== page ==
32nd Sunday in Ordinary Time

TRANSFORMATIVE COMMUNITY

By Fr. Chris Valka, CSB

Our readings this week remind us that who we are now, is not who we will be.  The present age is as difficult for us as it was for our ancestors.  And though persecution is not what it used to be (some could argue it is worse), the resurrection – the idea that we are transformed – is eternal.

Over the past few weeks, many people have commented that they feel a new energy at St. Basil’s.  Of course, I am happy to hear this, but the temptation is to associate the change with my arrival.  While I appreciate the credit, it is really a group effort.

One of the books I frequently recommend (especially to those in leadership positions) is Community by David Block.  Among other things, David writes about “transforming communities.”  In order for a community to be such, he argues, people (1) should focus on the structure of how we gather and the context in which our gatherings take place; (2) work hard at getting the questions right; (3) choose depth over speed and relatedness over scale.

Traditionally, Block continues, the dominant belief is that better and more leadership, programs, funding, expertise, studies, training and master plans are the way to build community.  They are a path to improvement, but not transformation.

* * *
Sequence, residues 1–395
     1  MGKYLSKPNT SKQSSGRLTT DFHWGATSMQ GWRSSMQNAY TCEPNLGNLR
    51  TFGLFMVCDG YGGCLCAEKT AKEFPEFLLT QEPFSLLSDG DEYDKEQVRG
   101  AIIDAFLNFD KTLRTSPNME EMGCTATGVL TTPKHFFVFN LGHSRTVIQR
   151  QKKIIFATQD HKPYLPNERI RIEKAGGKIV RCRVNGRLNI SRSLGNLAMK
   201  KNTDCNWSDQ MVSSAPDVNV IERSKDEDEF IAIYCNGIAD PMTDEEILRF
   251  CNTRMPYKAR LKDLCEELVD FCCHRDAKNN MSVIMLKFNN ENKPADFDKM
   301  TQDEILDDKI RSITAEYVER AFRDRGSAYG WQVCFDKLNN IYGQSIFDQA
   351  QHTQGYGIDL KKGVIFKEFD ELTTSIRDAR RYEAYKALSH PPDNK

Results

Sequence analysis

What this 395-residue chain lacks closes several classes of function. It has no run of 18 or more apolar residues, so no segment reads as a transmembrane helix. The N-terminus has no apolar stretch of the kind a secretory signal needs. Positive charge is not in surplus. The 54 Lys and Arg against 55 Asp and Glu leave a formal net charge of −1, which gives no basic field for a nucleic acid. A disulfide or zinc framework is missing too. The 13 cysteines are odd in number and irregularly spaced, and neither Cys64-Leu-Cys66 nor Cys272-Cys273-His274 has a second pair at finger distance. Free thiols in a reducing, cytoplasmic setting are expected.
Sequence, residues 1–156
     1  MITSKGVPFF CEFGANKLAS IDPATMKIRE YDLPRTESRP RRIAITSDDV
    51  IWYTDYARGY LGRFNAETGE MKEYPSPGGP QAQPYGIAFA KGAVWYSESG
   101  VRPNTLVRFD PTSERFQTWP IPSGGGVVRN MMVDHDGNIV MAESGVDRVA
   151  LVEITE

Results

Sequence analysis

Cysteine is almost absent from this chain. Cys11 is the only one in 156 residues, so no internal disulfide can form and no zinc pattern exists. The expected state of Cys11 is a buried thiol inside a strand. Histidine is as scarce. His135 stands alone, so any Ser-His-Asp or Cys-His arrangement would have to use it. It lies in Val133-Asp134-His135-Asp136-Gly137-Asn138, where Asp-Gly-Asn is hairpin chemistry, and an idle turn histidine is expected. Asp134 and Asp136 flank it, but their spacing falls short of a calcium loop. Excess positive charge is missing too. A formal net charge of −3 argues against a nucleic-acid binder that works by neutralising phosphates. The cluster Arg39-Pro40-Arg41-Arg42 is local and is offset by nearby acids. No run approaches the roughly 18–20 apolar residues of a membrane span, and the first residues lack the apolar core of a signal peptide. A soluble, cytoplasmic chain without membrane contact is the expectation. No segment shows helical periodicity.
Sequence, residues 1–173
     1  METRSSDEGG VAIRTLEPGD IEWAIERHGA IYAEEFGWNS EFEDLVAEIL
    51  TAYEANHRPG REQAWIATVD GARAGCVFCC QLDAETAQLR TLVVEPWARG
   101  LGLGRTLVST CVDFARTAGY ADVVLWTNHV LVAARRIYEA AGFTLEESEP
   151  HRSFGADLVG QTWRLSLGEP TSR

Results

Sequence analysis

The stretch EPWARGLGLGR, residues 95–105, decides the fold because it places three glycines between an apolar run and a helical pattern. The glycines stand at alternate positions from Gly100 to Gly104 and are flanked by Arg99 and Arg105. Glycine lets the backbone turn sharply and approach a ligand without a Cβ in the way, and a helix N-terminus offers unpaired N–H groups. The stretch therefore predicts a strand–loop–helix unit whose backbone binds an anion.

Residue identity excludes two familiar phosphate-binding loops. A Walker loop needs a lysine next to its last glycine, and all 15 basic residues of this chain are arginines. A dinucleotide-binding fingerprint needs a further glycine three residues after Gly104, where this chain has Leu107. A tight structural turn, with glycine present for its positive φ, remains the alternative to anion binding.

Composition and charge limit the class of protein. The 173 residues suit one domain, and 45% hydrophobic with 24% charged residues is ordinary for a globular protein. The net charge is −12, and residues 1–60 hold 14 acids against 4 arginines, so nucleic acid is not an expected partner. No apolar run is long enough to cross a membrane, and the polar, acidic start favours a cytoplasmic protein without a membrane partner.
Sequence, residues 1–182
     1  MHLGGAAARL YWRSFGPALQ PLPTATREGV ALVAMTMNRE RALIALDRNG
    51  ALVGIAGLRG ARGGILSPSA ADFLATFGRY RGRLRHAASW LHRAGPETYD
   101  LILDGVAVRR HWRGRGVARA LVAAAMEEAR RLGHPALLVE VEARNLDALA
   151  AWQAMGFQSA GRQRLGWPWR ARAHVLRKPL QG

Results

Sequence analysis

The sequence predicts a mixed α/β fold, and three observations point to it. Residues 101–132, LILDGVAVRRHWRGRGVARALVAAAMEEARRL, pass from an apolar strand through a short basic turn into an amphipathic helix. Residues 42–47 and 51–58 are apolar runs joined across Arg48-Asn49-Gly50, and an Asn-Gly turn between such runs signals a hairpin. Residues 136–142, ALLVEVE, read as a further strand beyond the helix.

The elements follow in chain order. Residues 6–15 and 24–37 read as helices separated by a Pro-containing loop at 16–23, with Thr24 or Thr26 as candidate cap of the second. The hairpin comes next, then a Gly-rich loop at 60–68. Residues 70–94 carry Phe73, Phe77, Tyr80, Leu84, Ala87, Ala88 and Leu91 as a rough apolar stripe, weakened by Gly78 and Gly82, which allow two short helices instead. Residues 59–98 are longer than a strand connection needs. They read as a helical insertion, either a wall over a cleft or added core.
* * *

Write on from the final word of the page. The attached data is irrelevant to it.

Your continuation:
So what does a path to transformation look like?  In a word:   curiosity.

Think for a moment about your own reaction to things and people that make you curious.  Now think about your understanding of the Church. . . about your faith. . . about this parish. . . what are we curious about?

Is this the right question?  Does it give us permission to doubt in a safe context?  Does it give us permission to learn?   To ask a question?

On my Twitter account, I quote the line from David Block, “Questions themselves are an art form worthy of a lifetime of study.”  He elaborates, “Questions that trigger argument, analysis, explanation, and defense have little power.  They may be interesting, but that is different from being powerful.  Rather, A great question has three qualities:  it is ambiguous, personal, and evokes anxiety.

May we have the courage to ask such questions . . . questions that evoke a deeper curiosity and lead to transformation.